Considered to be one of the best opening batsmen in cricket during his heydays, Sunil Gavaskar is a former Indian cricketer best known for the numerous records he set over the span of his playing career. Gavaskar made his entry into the world of international cricket with a big bang—by scoring 774 runs in his debut test series against the West Indies. Instantly hailed a national hero, the young lad was yet to understand the enormity of the expectations the Indian crickets fans had from his future career. He did not disappoint his fans. He rewrote the history of crickets by setting up numerous records, many of which took decades to be surpassed, and many of which are yet to be broken. Diminutive, standing at a height of 5’ 5”, he was lovingly called “The Little Master”. Gavaskar loved playing cricket from a young age and was his school’s star batsman, often scoring runs in tons! His high school playing career gave way to first class cricket which in turn led to his selection in the national team. He became a commentator following his spectacular career as a cricketer.
Childhood & Early Life
Sunil was born in a middle-class family to Manohar Gavaskar and Meenal. He loved cricket from a young age and it was no surprise. His father had been a good club player and his maternal uncle, Madhav Mantri had been a former Indian Test wicketkeeper.
He went to St. Xavier’s school as it was well known for its cricketing traditions. He played a lot of cricket during his school years and was named India’s Best Schoolboy Cricketer of the year in 1966. He made his first class debut in 1966-67 playing for Vazir Sultan Colts XI.
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A successful first class career ensured that he secured a place in the 1970-71 Indian team to tour the West Indies. In the five match series, he had to miss the first one due to an injury. But he more than made up for that by scoring a mammoth 774 runs in the next four matches and helped India win the series.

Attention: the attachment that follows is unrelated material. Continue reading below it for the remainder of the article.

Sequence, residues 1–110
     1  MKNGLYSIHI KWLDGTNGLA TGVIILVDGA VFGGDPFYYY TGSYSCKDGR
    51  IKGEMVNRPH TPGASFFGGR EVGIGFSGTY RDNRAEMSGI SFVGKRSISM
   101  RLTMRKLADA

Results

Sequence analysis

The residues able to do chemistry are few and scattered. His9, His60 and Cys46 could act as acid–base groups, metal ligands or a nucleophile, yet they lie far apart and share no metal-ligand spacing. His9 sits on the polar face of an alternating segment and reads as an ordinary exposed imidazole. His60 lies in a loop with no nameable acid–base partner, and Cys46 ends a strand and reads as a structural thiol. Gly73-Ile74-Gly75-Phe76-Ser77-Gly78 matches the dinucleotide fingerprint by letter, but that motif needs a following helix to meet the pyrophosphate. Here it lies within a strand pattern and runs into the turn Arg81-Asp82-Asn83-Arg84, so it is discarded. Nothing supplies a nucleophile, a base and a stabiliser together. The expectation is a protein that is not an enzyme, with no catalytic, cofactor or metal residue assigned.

His spectacular debut made the cricketing fans in India hail him as a national hero. The pressure mounted on his young shoulders and he could not perform well in the England tour that followed.
On a tour of West Indies in 1975-76 he scored back-to-back centuries making 156 and 102 runs in the second and third tests respectively. His century in the third test played a crucial role in India’s win.
He toured Australia in 1977-78 and had a blast there! He was in top form and scored three consecutive Test centuries in the first three tests. However, his performance went in vain as India lost the series.
India and Pakistan had always been arch cricket rivals and the pressure was high when India toured Pakistan in 1978-79. Gavaskar played well but could not score centuries in the first two tests. However, he scored two centuries, one each in the each innings of the third test.
Over the 1970s and 1980s Gavaskar captained India on many occasions. But he was not very successful as a captain. Thus he was replaced by Kapil Dev who was a leading pace bowler. However, after a few years he was again made the captain and a few years down the line he was replaced by Kapil Dev again.
The decade of the 1980s began with a difficult series against England which India won 1-0. He made a total of 500 runs at an average of 62.5 in this series.
While playing against Sri Lanka in Madras in 1982-83 season, he made 155 runs in a one off test. Sri Lanka had recently been granted test status and this was the first match between the two countries.
He was part of the 1983 Cricket World Cup winning team that won the World Cup in England.
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In the home series against Pakistan in 1983-84, he scored an unbeaten century in the first test and two half centuries in the other matches. All the three matches played were drawn.
Gavaskar was in great form during the 1985-86 tour of Australia, scoring an unbeaten 166 in the first test and 172 in the third test, ending the series with 353 runs at an average of 117.
He played his last test series against Pakistan in 1987 and retired after the 1987 Cricket World Cup that was held in India.
He became a commentator after retirement, and is known for his forthright views. He has also authored four books on cricket, including an autobiography, ‘Sunny Days’.
Awards & Achievements
He became the first player to score 10000 runs in Test Cricket
He broke Sir Don Bradman’s record of 29 Test centuries and at one time held the world record for the highest Test centuries and the highest number of Test runs. His Test record is: Matches – 122, Runs Scored – 10122, Batting Average – 51.12, 100s/50s – 34/45.His ODI record is: Marches – 108, Runs Scored – 3092, Batting Average – 35.13, 100s/50s – 1/27.
The Government of India honored him with the Padma Bhushan in 1980 in recognition of his contributions to the world of cricket.
He was awarded the prestigious Col CK Nayudu Lifetime Achievement Award in 2012.
Personal Life & Legacy
He married Marshneill Mehrotra, daughter of a leather industrialist. His son Rohan too is a former cricketer, although he was not as successful as his father..
This Indian cricketing legend played the lead role in the Marathi movie, ‘Savli Premachi’.